Custom-made cancer cell attacks

February 16, 2007

Imagine a cancer treatment tailored to the cells in a patient’s body, each person receiving a unique treatment program.

This is what Natural Sciences and Engineering Research Council grantee Thomas Ruth and his colleagues hope to accomplish within the next decade. Using the TRIUMF particle accelerator based in Vancouver, British Columbia, they are taking vast amounts of radioactive material and separating the particular atoms they need for therapy.

Ruth says radioisotope therapy is the next big frontier in health care because different types of chemicals can be selected for tailor-made treatment programs. This is because radioactive chemicals such as radioiodine decay in a predictable way and emit radiation while that is happening.

Bearing that principle in mind, researchers can make custom types of radioactive chemicals – or radioisotopes – that will attack cancer cells in a more efficient way than current cancer treatments.

Ruth will discuss his results at the American Association for the Advancement of Science (AAAS) conference in San Francisco, which runs from Feb. 15 to 19.

“Individual therapy means patients will require fewer radiation doses and treatment sessions,” says Ruth, who is director of the TRIUMF PET (Positron Emission Tomography) program at the University of British Columbia. “And the patient isn’t the only one who benefits. Doctors do not have to spend as much time treating patients, and hospitals will spend less money helping those patients get better.”

The challenge for Ruth and the rest of his team, who use the element rhenium for treatments, is separating the right isotope of rhenium with the accelerator. They buy the most common type from MDS Nordion in Kanata, Ontario, or the University of Missouri Research Reactor Center. At present they are investigating methods to ionize, or break apart, the rhenium. In the next phase of the project, they will use magnets to separate the specific type of rhenium they need – Rhenium 186.

“Right now, getting Rhenium 186 is a difficult and expensive process,” says Ruth. “The key is to make this practical for the people who need to use it. In the next few months, we will partner with local hospitals and begin pre-clinical trials – and, in the meantime, improve on the way we extract it to make it easy to purchase and cheap to use.”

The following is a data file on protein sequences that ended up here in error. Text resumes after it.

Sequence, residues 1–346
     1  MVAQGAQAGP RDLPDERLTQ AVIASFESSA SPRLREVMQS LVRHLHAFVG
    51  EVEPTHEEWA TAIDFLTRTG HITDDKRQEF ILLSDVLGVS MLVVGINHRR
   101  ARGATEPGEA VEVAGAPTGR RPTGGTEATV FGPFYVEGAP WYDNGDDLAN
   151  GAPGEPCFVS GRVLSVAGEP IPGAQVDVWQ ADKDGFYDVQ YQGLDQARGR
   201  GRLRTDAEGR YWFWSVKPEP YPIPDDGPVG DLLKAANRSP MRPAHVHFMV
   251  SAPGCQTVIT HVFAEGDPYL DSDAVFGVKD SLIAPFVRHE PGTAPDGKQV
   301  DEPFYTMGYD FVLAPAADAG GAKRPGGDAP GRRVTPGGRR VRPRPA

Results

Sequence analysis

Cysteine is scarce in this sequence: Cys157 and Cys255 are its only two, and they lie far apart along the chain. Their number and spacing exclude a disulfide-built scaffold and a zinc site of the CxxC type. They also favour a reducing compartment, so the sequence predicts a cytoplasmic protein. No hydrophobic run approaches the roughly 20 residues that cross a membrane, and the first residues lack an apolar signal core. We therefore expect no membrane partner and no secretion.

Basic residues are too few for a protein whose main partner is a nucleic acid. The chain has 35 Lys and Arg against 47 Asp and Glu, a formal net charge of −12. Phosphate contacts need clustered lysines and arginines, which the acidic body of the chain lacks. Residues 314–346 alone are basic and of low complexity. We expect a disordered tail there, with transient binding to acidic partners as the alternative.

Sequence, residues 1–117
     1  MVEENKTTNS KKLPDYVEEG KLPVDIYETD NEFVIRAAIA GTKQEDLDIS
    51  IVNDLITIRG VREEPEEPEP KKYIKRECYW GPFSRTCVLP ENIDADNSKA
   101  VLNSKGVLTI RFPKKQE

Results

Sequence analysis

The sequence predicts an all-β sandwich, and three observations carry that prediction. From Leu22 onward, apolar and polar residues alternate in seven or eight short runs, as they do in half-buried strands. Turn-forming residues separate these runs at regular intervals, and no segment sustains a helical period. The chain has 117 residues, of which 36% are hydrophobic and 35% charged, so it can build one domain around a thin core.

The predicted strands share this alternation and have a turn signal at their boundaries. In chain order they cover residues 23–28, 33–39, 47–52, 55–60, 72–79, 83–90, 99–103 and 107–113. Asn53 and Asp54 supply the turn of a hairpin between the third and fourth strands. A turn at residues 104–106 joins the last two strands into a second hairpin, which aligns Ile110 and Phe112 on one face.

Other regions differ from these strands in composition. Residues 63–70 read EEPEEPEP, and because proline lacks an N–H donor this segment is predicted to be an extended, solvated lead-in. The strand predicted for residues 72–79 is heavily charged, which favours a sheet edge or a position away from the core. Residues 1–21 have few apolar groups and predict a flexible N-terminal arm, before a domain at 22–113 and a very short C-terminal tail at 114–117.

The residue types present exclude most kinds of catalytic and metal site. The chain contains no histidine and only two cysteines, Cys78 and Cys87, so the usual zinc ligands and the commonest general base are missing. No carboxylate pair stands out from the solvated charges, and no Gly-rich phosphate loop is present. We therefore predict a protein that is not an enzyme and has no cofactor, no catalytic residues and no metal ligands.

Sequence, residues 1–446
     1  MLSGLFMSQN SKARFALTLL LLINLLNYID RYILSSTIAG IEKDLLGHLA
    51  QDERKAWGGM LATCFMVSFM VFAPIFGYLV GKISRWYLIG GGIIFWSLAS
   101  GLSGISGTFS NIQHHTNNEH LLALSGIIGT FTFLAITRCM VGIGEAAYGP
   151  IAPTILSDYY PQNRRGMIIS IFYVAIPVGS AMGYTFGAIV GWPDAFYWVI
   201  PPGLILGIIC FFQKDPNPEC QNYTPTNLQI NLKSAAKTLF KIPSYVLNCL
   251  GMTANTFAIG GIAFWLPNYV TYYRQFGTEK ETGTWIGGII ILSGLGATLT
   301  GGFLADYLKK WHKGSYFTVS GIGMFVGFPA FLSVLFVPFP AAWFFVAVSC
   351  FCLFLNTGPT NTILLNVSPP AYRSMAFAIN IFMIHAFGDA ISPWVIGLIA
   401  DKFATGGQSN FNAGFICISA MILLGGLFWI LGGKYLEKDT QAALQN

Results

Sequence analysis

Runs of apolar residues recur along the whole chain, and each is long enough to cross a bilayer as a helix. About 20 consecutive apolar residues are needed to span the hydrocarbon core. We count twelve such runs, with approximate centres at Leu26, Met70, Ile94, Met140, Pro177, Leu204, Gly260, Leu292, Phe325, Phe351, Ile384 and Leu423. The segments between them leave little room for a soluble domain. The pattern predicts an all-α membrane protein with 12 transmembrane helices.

Source: Natural Sciences and Engineering Research Council

Explore further: Radioactive bacteria targets metastatic pancreatic cancer

Related Stories

Radioactive bacteria targets metastatic pancreatic cancer

April 22, 2013
Researchers at Albert Einstein College of Medicine of Yeshiva University have developed a therapy for pancreatic cancer that uses Listeria bacteria to selectively infect tumor cells and deliver radioisotopes into them. The ...

Queen's pioneers prostate cancer breakthrough

September 19, 2011
Scientists at Queen's University have pioneered a new combination treatment for prostate cancer. The treatment, which has been successful in phase one of trials, will now be tested for efficacy in a second phase.

Recycling cancer-fighting tools: Researchers working to produce vital radioisotopes at a cheaper cost

September 26, 2016
According to the World Nuclear Association, more than 10,000 hospitals worldwide use radioisotopes in medicine. Molybdenum-99, the parent isotope of technetium-99m, is the most widely used radioisotope for the diagnosis and ...

Recommended for you

Lab-grown 'mini tumours' could personalise cancer treatment

February 23, 2018
Testing cancer drugs on miniature replicas of a patient's tumour could help doctors tailor treatment, according to new research.

Study tracks evolutionary transition to destructive cancer

February 23, 2018
Evolution describes how all living forms cope with challenges in their environment, as they struggle to persevere against formidable odds. Mutation and selective pressure—cornerstones of Darwin's theory—are the means ...

Putting black skin cancer to sleep—for good

February 22, 2018
An international research team has succeeded in stopping the growth of malignant melanoma by reactivating a protective mechanism that prevents tumor cells from dividing. The team used chemical agents to block the enzymes ...

Cancer risk associated with key epigenetic changes occurring through normal aging process

February 22, 2018
Some scientists have hypothesized that tumor-promoting changes in cells during cancer development—particularly an epigenetic change involving DNA methylation—arise from rogue cells escaping a natural cell deterioration ...

NEJM reports positive results for larotrectinib against TRK-fusion cancer

February 22, 2018
In 2013, the labs of University of Colorado Cancer Center investigator Robert C. Doebele, MD, PhD, and Dana-Farber Cancer Institute investigator Pasi A. Jänne, MD, PhD reported in Nature Medicine the presence of TRK gene ...

New therapeutic gel shows promise against cancerous tumors

February 21, 2018
Scientists at the UNC School of Medicine and NC State have created an injectable gel-like scaffold that can hold combination chemo-immunotherapeutic drugs and deliver them locally to tumors in a sequential manner. The results ...

0 comments

Please sign in to add a comment. Registration is free, and takes less than a minute. Read more

Click here to reset your password.
Sign in to get notified via email when new comments are made.